If you belong to the camp that believes that a negotiated deal with Iran offers the best hope of stopping it developing an atom bomb, at least for a while, the news that President Barack Obama has agreed to sign a law that would give the US Congress the right of approval may cause you to break out in hives.
Mr Obama is by no means the first US President who has sought to use his executive powers to go around Congress to reach important foreign policy pacts. The more fraught an undertaking it is, the more important it is to have that free hand. And heaven knows this Iran thing is fraught.
Now his position – and that of the US Secretary of State, John Kerry – has been weakened. Among all the nations involved in this process – the other members of the so-called P5-plus one are Britain, France, China, Russia and Germany – the US is alone in having to admit that it will not be in a position to automatically deliver on whatever might eventually be agreed in June.
The British Prime Minister, whoever that will be after May's election, will inform Parliament. Mr Obama will go to Congress to beg.
Members of Congress argue that, because it is the body that passed many of the US economic sanctions that helped bring Iran to the table, it should have some input into any process that results in their being lifted, which of course is what Iran is demanding in return for restricting its nuclear programmes. President Hassan Rouhani said: “If there is no end to sanctions, there will not be an agreement.”
There has been a pattern of recklessness here. In an act of outright disrespect for President Obama, a group of 47 Republican senators wrote a letter to the Iranian leadership last month saying any deal they did with US might quickly crumble, particularly once Mr Obama vacates the Oval Office. Fortunately, Tehran took the letter for what it was – a partisan attempt to cut Mr Obama off at the knees – and ignored it.
Perhaps they shouldn’t have, because we now have a situation where Congress, which is under Republican control, will have its chance to stick its oar in at the very moment almost a decade of negotiations finally bears fruit, assuming it does.
It isn’t encouraging to listen to the House Speaker John Boehner on the subject. “I don’t know how you cut a deal with the devil and think the devil is going to keep his end of the deal,” he said this week, borrowing from Iran’s own satanic rhetorical lexicon. The White House backed off from vowing to veto the oversight law when a draft version sailed through the Senate Foreign Relations Committee and it became clear that, were Mr Obama to veto it, that veto might easily be overridden. Additionally, some of the more aggressive provisions originally envisioned for the bill had been removed on the urging of administration officials, making it significantly more palatable.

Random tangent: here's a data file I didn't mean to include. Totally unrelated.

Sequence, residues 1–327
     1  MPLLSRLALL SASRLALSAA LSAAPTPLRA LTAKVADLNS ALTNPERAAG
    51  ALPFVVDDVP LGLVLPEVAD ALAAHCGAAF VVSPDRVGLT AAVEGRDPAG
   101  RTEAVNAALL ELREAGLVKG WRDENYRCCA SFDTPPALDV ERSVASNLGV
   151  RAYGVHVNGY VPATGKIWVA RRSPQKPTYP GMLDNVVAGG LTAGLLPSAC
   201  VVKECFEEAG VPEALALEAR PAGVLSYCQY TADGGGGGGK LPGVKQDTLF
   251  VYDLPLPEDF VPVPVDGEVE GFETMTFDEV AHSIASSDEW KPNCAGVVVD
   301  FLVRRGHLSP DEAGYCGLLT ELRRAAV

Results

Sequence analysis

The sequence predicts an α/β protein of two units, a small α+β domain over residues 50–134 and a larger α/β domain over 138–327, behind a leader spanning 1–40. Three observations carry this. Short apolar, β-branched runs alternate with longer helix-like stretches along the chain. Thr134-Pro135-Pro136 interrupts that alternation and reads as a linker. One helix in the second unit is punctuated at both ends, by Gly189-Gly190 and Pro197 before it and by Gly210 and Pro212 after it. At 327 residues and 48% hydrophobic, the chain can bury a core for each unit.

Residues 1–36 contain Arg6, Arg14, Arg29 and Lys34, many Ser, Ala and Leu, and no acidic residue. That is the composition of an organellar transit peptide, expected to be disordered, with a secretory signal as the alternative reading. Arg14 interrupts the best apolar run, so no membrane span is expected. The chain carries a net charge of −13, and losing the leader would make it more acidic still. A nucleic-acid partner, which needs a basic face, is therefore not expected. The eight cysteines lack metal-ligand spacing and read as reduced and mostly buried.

Assuming new amendments aren’t attached, the law will prevent Mr Obama from lifting any Iran sanctions for 30 days while Congress considers whether to support or reject the nuclear agreement. If it chooses to reject it – and don’t underestimate the push Israel will make at that moment to persuade members to do just that – Mr Obama will then have 12 days to veto that measure. At that point he would rely on Democrats to side with him to ensure that his veto could not then be overridden.
At the Group of Seven foreign ministers meeting in Lübeck, Germany, both Mr Kerry and his German counterpart, Frank-Walter Steinmeier, voiced the view that in the end Congress will behave, never mind its record so far.
“The view is that, if you reach an agreement on the basis of the framework, then that is a position that you can push through Congress,” Mr Steinmeier said.
So that, indeed, is the million-dollar question. Does this accommodation with Congress that has essentially been forced on the White House seriously imperil any final deal with Iran or not?
Not, says Matt Duss, president of the Foundation for Middle East Peace here. “I think the President can definitely live with this. Congress has a legitimate role to play here. The question is if Congress is going to play this role are they going to play it in a responsible fashion?”
It’s his hunch that at the end of the day, accepting a deal that might help avoid a new conflagration in the region might trump the desire of most Republicans to deny Mr Obama what could turn out to be the biggest prize of his presidency.
It’s a view echoed by Dylan Williams, a vice president of J Street, the Washington group that identifies itself as pro-Israel and pro-peace and has been a supporter of the process with Iran.
“We welcome the compromise,” he said, noting that were Congress to reject an Iran deal Mr Obama should easily be able to muster the minimum 34 members of the Senate he’d need to prevent an override of his veto. If so, the deal would live, not die.
Some additional patience from Iran will be required here. The admission of Congress into the process means that US sanctions will not be lifted upon signature of a deal. But if they can wait an extra month or two for Mr Obama to go through some brief niceties of democracy, all may yet be well. Let’s hope.
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